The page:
Pamela Salem, Miss Moneypenny in 'Never Say Never Again' James Bond Film, Dead at 80

Pamela Salem
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The actress also appeared on 'Doctor Who,' 'The West Wing' and 'ER' throughout her career.

Pamela Salem has died. The veteran actress, best known for her role as Miss Moneypenny in Sean Connery's 1983 James Bond flick Never Say Never Again, died on Wednesday, Big Finish, a production company with whom she often worked, confirmed on their website. She was 80.

Born in India, Salem attended school in Germany and London, before starting her career in theater. She moved on to movies next, starring alongside Connery in The First Great Train Robbery in 1978 before her breakout role in the Bond film five years later.

On TV, Salem appeared on shows including Doctor Who and Magnum, P.I., before a move to the U.S. landed her guest spots on The West WingER and Party of Five. Her last onscreen role was in the 2019 film Down's Revenge.

Salem also produced radio and theater productions with her husband, Michael O'Hagan, until his death in 2017. In the latter part of her career, Salem worked with Big Finish on several audio series, even reprising her Doctor Who character in Counter-Measures.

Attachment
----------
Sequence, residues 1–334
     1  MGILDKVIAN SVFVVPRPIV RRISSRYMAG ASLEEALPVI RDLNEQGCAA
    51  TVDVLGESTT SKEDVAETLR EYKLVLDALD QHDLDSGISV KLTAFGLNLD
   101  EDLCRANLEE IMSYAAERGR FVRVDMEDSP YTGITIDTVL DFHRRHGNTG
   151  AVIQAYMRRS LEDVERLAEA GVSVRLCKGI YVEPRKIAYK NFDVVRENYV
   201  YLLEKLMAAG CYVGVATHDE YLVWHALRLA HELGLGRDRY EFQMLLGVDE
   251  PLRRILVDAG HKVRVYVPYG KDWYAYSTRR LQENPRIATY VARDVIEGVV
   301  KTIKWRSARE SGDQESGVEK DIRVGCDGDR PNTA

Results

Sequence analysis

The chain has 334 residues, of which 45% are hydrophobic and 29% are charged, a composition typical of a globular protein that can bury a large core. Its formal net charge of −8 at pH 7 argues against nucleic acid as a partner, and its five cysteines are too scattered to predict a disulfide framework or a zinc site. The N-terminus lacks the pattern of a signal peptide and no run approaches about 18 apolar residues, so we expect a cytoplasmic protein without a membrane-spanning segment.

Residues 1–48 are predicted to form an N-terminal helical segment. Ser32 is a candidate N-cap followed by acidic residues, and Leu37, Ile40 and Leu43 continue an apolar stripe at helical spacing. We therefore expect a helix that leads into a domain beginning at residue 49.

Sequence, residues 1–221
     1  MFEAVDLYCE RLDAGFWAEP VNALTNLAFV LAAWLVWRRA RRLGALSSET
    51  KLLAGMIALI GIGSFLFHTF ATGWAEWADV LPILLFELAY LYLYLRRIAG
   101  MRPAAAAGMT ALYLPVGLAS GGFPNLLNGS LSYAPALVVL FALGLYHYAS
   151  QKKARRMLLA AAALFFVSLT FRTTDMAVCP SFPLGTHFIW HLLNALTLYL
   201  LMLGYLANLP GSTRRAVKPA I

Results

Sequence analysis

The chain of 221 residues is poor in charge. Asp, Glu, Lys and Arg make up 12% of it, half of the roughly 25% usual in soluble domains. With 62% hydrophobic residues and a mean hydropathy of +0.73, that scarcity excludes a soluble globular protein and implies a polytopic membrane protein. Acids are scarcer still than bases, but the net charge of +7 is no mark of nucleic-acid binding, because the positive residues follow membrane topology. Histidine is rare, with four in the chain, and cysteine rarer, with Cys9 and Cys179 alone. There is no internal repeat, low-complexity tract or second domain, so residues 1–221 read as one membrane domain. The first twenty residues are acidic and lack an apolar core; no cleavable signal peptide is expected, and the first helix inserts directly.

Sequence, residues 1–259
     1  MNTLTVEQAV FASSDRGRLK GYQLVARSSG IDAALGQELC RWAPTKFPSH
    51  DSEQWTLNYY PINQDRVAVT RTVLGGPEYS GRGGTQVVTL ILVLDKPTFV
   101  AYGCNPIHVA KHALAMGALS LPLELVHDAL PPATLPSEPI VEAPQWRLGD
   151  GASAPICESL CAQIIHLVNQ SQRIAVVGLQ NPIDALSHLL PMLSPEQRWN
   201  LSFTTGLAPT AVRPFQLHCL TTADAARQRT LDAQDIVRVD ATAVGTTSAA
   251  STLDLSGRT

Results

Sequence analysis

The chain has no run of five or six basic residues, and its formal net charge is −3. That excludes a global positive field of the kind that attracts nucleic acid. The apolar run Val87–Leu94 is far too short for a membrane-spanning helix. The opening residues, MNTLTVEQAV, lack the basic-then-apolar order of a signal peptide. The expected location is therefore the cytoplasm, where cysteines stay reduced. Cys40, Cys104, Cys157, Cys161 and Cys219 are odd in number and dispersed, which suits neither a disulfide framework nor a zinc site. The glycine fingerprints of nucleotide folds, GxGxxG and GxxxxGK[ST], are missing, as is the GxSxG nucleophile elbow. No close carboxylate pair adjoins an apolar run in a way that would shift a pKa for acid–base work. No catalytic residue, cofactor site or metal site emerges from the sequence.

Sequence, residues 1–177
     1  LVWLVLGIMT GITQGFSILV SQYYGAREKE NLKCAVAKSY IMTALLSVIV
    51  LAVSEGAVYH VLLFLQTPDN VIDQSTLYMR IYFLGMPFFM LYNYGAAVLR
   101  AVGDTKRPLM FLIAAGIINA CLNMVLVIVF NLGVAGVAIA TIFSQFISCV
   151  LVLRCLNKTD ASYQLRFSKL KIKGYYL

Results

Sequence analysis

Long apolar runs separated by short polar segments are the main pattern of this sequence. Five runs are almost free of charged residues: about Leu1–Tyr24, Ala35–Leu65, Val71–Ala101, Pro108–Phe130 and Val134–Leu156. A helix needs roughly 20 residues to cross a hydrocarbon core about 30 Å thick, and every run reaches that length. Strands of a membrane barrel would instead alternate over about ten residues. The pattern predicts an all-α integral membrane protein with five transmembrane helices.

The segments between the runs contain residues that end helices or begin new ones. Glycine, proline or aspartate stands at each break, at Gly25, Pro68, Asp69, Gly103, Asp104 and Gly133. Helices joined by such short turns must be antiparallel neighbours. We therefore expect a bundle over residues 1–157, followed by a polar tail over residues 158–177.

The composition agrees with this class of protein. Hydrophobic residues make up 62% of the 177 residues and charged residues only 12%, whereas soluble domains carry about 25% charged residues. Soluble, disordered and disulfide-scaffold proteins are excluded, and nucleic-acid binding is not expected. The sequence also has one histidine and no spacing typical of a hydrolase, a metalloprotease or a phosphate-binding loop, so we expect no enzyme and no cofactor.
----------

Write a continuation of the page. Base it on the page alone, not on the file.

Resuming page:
"Pamela Salem was lovely, and we all loved her. Whenever there was a Big Finish recording for her, she'd fly in from Miami on her own steam, without fuss or fanfare, and appear at the studio armed with the warmest smiles, the biggest hugs and often presents," David Richardson, who produced all of Salem's work at Big Finish, said. "She was a very gentle person -- always interested in everyone, from her co-stars to the production team to the guest actors and visitors... We had many happy days together and I feel very lucky to have had her in my life."

Karen Gledhill, Salem's Counter-Measures co-star, remembered the late actress as "the kindest, most generous actor," while director Ken Bentley, who wrote several scripts for the audio series, noted that Salem "had many gifts but her superpower was her ability to single-handedly restore your faith in human nature."